How to Avoid the Holiday Blues And Stress
The holidays can be a wonderful time, full of joy, happy memories and quality time spent with your loved ones. For a lot of people however, this time of year can trigger depression. Mental health professionals experience an increase in reports of depression centered around holiday celebrations every year.
This happens for a number of reasons.
Some see the world celebrating, happy and joyful, and wish their lives were as enjoyable. This can lead to thoughts of self-doubt and depression. Others see the end of the year arriving. It seems like it was only this time last year they were making so many plans and setting so many goals. A year has passed, and they are right where they were this time last year.
This type of thinking can quickly lead to “the holiday blues”.
Avoiding a poor emotional state during any holiday celebration is possible however. Overly high expectations, financial issues, seasonal weight gain and other holiday-based stressors can be encountered and handled without triggering depression and anxiety.
The health-centric website Health.com points out that simply planning ahead can reduce most of your seasonal worries. Add stress-relieving activities when you are planning for shopping, decorating and other traditional holiday tasks. You can also limit the impact of stressful family conflicts by avoiding them, or simply saying, “Let’s talk about this at another time.”
You should also try to avoid perfection during the holidays. Plan for success and “good enough” when decorating, baking, planning vacations and buying gifts. Perfection is seldom achieved, and almost never realized.
The Mayo Clinic, a revered global health conglomerate, advises you to be realistic in your expectations during the holidays. This closely dovetails with the above recommendation to avoid seeking perfection. People and families change over time. This means what was once an annual holiday tradition may not be feasible anymore.
Developing a budget and sticking to it is a huge part of avoiding the blues during the holidays, and afterward. Well in advance of the holidays you should write out a realistic budget, and judiciously follow it. Sometimes the holiday blues can be delivered because you refuse to bury the hatchet. You may seriously object to the actions or lifestyle of someone you encounter during the holidays, and perhaps rightfully so.
However, why not set aside your differences during this time of year which should be centered around emotionally positive ideas like sharing, loving and forgiving?
Finally, make time for yourself. Make sure you enjoy some alone time during this traditionally hectic season. That doesn’t mean alone time with your kids, your significant other, or your friends. It means carving out a segment during the busy holiday season where you take care of your special needs, and no one else’s.
5 Tips for Beating Holiday Stress
While the holidays “Tis the season to be jolly”, it can be far from that for many people. It can be a season filled with additional stress. BUT IT DOESN’T HAVE TO BE THAT WAY. There are things you can do to prevent excess stress and enjoy the season.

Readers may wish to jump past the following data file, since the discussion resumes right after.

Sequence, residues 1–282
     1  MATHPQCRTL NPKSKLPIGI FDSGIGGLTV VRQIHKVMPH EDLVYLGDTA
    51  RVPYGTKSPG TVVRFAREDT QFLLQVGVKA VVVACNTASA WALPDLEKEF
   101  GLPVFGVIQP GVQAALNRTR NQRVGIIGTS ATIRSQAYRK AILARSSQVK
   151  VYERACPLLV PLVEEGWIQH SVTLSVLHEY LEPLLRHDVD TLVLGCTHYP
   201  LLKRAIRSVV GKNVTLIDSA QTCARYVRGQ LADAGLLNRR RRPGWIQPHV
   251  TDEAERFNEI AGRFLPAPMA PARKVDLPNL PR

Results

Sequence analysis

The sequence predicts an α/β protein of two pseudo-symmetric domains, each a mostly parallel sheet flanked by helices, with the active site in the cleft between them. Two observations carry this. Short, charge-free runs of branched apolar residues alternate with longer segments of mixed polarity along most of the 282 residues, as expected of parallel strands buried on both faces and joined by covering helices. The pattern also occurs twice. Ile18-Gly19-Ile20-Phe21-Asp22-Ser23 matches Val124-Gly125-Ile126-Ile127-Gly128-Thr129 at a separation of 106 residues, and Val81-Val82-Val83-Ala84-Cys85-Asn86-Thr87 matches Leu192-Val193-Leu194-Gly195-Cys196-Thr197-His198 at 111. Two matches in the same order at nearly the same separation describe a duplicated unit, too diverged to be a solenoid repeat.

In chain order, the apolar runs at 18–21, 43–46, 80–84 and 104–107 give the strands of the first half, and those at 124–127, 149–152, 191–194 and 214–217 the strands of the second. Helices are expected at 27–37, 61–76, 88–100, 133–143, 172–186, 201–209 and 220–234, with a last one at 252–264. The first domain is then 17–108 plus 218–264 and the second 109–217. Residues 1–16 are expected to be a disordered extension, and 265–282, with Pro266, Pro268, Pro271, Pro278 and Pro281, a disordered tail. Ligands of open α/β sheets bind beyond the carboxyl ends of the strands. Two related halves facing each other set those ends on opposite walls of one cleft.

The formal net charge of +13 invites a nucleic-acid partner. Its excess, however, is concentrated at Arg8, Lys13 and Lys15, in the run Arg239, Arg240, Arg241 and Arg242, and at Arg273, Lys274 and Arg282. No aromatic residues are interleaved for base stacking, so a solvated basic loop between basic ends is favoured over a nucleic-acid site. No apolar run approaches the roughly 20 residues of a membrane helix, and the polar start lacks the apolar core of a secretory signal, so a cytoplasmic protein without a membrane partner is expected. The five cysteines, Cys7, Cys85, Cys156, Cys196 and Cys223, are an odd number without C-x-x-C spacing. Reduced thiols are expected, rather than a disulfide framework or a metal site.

Here are 5 ways to keep the “jolly” in your festive holidays:
Control your eating instead of letting it control you. With office parties, holiday meals and various festive gatherings, it is easy to overeat … only just to feel guilty later. Curb your appetite by eating a light snack before going to a party. Another tactic is to bring a healthful dish for everyone to enjoy. At least you’ll have one thing there that you can eat without guilt.
Get adequate sleep. Not getting enough sleep can put any of us in a foul mood. With all of the holiday activities and late-night parties, it is easy to get sleep deprived during this time of the year. Besides not getting enough sleep can lead to weight gain, something most of us are trying to avoid this time of year.
Exercise. By exercising at least three times per week for at least a half-hour at a time, you’ll be able to burn off some of the extra calories you are consuming. It is a simple process of burning off the same number of calories that you are taking in to maintain your current weight. This time of year you may have to exercise more times and for longer periods. Plus exercising releases the hormone endorphin which will improve your mood.
Avoid typical holiday stress triggers. We all have them. Things that when happen induce that “fight or flight” response, thereby increasing our stress level. If things typically in the past around this time of year send you into a downward spiral, vow to avoid these triggers this year if you can. Some things are outside of your control, but many aren’t. Don’t let those things control you – you control them by not putting yourself in those situations in the first place.
Plan ahead. Holiday shopping, going to parties, rushing here and there only adds stress to what can be a stressful time of year anyway. Plan out this time of year the best you can, so you have time to do what you have to do. Getting behind and feeling rushed can be one stress trigger you can avoid this year.
The festive holiday season is a great time of year. This year make the most of it by using these 5 tips to make it as enjoyable and “jolly” as you can.